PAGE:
But sometimes…once in a while…you meet a person who, even if only for a split second, show their true self in all it’s Technicolor terror and insecurity. In that moment it’s not only incredibly refreshing but also heartbreaking beautiful. That is when I love people as I would an abandoned puppy or a dear friend, or a lover. We are all terrified of revealing our vulnerable filthy selves for other people to crush with their opinions of us. Why? Because we truly believe that we are a failure…stupid…ugly…dirty…worthless. When the truth is…we are all scared, struggling children.

To see ourselves and love ourselves as we would a dear child is the final step to being comfortable in our own skin. And, my God, can you imagine the freedom and wonderment life would hold if we simply let it happen?

When you’re feeling very small and insecure…

Just remember that you’re standing on a planet that’s evolving
And revolving at nine hundred miles an hour
That’s orbiting at nineteen miles a second, so it’s reckoned
A sun that is the source of all our power
The sun and you and me and all the stars that we can see
Are moving at a million miles a day
In an outer spiral arm, at forty thousand miles an hour
Of the galaxy we call the ‘milky way’
Our galaxy itself contains a hundred billion stars
It’s a hundred thousand light years side to side
It bulges in the middle, sixteen thousand light years thick
But out by us, it’s just three thousand light years wide
We’re thirty thousand light years from galactic central point
We go ’round every two hundred million years
And our galaxy is only one of millions of billions
In this amazing and expanding universe
The universe itself keeps on expanding and expanding
In all of the directions it can whiz
As fast as it can go, the speed of light, you know
Twelve million miles a minute and that’s the fastest speed there is
So remember, when you’re feeling very small and insecure
How amazingly unlikely is your birth
And pray that there’s intelligent life somewhere up in space
‘Cause it’s bugger all down here on Earth

-Monty Python – Galaxy Song Lyrics

HANOI, VIETNAM: Diary of a Mad Expat, pt. 12

9 April – 2 May, pt. 5: Thaison Palace Hotel, Old Quarter, Hanoi

Adrian Cronauer: Mayday! Mayday! Dragon-Lady with incredible figure at 11 o’clock! Stop the car.
Edward Garlick: I can’t do that, sir.
Adrian Cronauer: Aw, Edward, you don’t understand. I’ve been on a small Greek island with a lot of women who look like Zorba, I never thought I’d find women attractive ever again. And now that I do, you won’t even turn the car around? Thanks a lot.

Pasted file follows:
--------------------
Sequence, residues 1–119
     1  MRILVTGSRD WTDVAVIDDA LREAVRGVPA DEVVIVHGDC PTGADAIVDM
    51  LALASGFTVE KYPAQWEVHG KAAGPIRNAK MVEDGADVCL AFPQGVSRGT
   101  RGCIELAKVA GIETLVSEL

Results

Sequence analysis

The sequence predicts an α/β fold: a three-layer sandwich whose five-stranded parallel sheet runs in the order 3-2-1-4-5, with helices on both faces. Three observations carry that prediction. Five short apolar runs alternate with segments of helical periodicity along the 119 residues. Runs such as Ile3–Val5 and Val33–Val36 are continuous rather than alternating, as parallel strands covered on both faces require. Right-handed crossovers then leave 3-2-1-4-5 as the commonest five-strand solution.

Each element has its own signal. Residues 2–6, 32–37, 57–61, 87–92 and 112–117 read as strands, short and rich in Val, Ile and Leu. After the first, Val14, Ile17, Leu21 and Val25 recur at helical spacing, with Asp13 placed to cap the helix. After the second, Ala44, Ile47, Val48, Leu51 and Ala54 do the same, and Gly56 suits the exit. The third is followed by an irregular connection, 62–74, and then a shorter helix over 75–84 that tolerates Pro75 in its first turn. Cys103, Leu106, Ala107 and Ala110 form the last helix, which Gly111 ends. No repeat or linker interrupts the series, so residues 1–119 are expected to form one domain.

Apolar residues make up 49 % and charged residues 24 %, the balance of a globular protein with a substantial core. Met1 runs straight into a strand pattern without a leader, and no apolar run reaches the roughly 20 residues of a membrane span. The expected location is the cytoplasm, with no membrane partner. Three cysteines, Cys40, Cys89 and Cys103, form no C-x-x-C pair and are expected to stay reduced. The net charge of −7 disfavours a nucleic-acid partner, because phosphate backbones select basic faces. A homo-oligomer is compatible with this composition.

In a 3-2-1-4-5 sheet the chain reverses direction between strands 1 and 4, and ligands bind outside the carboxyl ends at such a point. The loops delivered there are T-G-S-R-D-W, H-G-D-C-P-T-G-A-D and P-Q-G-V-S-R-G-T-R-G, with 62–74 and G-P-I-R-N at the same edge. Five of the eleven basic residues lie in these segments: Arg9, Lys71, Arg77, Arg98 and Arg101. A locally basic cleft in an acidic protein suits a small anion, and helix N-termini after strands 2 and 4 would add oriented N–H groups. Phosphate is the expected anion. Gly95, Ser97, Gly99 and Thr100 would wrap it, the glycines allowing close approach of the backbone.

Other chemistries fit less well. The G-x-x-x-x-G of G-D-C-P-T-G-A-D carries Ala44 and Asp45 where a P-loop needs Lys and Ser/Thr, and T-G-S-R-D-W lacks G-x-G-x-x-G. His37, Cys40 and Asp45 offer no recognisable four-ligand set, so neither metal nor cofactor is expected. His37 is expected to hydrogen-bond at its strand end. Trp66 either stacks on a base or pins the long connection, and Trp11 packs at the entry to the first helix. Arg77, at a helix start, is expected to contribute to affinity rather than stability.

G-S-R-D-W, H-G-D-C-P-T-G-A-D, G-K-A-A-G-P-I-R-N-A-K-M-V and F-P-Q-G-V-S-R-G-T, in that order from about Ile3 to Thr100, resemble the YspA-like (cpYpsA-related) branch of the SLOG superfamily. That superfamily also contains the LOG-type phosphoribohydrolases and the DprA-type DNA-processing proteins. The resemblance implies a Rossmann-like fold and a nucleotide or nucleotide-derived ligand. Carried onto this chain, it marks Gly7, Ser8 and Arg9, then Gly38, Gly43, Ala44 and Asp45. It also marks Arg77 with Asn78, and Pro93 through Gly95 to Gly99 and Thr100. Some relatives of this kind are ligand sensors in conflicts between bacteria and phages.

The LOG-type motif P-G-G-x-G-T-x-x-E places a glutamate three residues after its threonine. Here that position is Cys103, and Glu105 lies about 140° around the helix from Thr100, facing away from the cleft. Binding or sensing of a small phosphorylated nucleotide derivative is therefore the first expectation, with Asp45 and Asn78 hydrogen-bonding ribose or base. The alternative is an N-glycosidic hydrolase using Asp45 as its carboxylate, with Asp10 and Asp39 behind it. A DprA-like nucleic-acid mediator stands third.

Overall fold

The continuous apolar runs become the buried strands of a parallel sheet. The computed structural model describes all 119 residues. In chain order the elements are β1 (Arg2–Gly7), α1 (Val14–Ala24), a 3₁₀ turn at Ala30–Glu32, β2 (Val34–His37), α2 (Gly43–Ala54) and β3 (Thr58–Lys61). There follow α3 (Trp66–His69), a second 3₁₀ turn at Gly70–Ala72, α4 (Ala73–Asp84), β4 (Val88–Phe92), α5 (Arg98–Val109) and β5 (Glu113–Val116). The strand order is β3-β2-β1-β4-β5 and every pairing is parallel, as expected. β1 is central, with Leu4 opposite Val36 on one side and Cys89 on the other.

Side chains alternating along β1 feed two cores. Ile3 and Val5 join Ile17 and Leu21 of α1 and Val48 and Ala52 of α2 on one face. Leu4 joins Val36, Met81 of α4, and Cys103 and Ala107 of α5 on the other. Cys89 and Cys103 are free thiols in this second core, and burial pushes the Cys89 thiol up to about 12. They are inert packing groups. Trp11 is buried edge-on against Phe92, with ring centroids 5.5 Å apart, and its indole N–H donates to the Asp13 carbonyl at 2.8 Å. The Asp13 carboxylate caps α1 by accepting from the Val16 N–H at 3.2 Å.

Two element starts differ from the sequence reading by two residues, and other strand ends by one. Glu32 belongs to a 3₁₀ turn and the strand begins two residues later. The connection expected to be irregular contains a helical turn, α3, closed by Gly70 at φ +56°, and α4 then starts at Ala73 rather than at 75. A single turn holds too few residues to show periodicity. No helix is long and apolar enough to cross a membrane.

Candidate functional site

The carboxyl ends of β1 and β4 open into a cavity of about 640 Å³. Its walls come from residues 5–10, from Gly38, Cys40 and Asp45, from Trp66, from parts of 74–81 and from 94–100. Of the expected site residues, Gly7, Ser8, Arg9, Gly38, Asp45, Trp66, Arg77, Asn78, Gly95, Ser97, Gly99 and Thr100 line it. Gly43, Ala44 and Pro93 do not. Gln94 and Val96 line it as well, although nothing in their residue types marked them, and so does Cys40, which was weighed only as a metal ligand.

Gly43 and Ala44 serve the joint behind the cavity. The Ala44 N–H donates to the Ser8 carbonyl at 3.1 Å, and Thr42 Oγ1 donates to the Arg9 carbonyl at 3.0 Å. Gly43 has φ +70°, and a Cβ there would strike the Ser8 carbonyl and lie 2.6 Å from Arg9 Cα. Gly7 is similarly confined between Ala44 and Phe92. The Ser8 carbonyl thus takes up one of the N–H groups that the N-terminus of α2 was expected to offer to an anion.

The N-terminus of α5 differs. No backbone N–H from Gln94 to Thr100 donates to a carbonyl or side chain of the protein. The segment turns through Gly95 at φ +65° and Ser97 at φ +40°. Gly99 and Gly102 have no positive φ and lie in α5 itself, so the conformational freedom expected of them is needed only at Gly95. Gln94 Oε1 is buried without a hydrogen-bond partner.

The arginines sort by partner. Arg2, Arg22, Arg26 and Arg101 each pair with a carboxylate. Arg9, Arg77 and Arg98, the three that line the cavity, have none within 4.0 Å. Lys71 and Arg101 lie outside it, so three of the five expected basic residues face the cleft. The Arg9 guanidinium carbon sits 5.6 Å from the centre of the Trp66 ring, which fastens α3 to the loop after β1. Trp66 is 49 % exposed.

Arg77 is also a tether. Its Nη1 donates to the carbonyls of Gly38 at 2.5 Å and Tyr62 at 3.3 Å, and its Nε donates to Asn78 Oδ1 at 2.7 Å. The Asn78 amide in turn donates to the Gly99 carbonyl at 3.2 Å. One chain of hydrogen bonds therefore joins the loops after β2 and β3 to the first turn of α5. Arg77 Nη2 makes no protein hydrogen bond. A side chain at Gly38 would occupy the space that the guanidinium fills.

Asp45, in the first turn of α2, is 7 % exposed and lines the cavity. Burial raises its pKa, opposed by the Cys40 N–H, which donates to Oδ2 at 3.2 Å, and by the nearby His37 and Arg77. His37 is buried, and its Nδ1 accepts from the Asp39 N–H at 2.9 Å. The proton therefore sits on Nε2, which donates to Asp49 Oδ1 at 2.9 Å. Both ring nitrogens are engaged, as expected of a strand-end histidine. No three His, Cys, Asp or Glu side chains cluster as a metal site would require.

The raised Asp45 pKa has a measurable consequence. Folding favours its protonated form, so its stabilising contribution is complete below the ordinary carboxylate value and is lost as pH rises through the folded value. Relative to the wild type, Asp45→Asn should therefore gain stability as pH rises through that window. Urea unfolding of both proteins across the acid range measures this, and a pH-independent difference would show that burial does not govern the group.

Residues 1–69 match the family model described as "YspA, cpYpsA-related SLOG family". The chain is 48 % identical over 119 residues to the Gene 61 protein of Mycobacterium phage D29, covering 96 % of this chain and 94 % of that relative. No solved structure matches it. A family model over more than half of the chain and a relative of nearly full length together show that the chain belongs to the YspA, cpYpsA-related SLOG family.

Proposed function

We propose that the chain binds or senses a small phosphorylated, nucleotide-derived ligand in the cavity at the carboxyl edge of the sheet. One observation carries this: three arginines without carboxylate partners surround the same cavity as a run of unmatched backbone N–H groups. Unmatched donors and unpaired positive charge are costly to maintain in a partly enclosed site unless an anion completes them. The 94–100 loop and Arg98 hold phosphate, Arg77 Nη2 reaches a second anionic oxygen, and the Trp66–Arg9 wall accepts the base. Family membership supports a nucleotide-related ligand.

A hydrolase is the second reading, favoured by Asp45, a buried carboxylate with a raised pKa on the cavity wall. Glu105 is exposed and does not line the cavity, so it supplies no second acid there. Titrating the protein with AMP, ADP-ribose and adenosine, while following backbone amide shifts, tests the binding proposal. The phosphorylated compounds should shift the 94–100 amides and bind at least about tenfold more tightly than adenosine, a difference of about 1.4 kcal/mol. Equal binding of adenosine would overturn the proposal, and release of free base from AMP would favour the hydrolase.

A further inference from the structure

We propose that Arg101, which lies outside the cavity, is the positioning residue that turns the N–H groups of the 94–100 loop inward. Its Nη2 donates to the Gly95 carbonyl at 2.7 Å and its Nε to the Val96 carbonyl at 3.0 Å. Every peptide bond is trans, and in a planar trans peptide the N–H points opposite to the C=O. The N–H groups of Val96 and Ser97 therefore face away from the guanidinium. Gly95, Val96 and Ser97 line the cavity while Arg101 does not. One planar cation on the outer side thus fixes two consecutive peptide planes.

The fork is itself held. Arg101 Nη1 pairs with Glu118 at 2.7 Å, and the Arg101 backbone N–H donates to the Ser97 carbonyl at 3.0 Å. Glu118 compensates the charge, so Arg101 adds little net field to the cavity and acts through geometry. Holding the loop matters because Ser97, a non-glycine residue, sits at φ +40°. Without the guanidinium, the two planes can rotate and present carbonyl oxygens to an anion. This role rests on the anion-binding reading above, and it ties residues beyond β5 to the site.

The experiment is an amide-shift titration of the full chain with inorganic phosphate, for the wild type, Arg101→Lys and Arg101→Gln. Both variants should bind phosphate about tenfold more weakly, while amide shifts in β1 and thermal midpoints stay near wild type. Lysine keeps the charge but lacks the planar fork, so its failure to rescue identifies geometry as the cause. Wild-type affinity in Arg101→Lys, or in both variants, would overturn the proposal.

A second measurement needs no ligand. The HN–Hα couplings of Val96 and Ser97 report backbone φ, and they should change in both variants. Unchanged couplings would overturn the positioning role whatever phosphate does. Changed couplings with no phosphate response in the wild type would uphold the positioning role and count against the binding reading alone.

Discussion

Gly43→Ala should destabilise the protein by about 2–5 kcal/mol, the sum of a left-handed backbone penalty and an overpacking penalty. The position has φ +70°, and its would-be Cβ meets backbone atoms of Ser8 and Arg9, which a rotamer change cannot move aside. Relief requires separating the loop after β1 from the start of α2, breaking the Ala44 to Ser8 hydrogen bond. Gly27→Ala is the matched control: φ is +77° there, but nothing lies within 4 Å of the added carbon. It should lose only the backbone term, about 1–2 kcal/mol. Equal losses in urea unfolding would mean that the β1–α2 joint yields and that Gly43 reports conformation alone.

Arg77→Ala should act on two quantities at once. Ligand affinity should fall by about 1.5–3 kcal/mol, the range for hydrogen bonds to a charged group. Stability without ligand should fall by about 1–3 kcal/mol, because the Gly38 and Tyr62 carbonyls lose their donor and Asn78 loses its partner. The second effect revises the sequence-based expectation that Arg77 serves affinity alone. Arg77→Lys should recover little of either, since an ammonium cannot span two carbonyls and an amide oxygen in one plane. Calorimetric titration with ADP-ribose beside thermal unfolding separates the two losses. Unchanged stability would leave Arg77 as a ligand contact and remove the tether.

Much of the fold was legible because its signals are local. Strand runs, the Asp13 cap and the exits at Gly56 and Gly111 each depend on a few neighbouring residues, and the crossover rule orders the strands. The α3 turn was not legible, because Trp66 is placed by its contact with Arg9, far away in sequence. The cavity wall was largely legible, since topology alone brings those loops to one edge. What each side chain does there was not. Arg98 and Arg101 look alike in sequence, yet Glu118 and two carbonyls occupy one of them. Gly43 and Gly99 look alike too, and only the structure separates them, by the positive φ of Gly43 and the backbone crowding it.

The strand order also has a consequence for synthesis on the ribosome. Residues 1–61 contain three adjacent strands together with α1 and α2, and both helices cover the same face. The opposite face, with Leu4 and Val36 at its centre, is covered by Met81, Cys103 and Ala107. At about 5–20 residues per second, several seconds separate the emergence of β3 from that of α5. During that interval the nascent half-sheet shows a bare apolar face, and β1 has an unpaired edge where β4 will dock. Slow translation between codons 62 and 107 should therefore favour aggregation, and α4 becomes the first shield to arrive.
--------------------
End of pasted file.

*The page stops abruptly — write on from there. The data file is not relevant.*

Edward Garlick: You have a very important meeting with the top brass…
Adrian Cronauer: -Oh, there she is again! How did she get ahead of us?
Edward Garlick: That’s another person, sir.
Adrian Cronauer: She’s beautiful and quick. Speed up, check her stamina. Oh my God, they’re quick, they’re fast, and small. Ha, ha, ha, ha! I feel like a fox in a chicken coop!

Robin Williams, as Adrian Cronauer in “Good Morning, Vietnam”

The People and the language of this country are, well, interesting. Let’s get started,

The People
In general terms, the people are friendly, but they have manners that could be construed by westerners, including myself because I never got used to it, as rude or even downright disgusting, especially with the men. Street peddlers can be aggressive and annoying, but some people we met were extremely generous. No one here has apparently ever heard of the term “personal space”. They love to touch you, sometimes inappropriately. They are not aware that from our perspective, there are boundaries. It seems like a blindingly obvious social rule to us, but it doesn’t exist to them! Like every member of the human race, they are judgmental, and they prefer to pass judgment on foreigners in their own language.

The Language
Make up a bunch of words that rhyme with “gong” and “home”. Now, do that while simultaneously imitating the sounds of a cat in heat. That’s what it sounds like to most Americans. We tried learning the language to a certain point, but once we realized we weren’t staying, we kind of gave it up. We found that saying “thank you”, like in Hong Kong, brought smiles to the locals, especially the woman I buy cigarettes from. We also learned to say, “no problem”, “sorry”, “hello”, and “excuse me”. I think we did pretty well most of the time, because we mostly got that smile and a bow back from people. We also found that the younger the people were, the more inclined they were to want to speak and learn English. I even taught some of the hotel staff some of our more “colorful” metaphors.

The Hotel Staff and Guests
We made a lot of friends in this hotel – some fellow guests, but mostly the staff, many of whom my wife became Facebook friends with. The guests were more hit and miss. There was a big ugly man from Austria that had a Vietnamese woman for a wife. She seemed VERY submissive, and he was just a misogynistic prick, blatantly checking out every attractive woman he saw. And he constantly complained, loudly, about what was wrong with this place. I kind of get it, but at some point, just shut up and leave! Then there was the hippie expat who now lived in Baja. He was a very nice guy, but damn, he could not stop talking! He could have you trapped in a conversation for over an hour without getting a word in edge wise!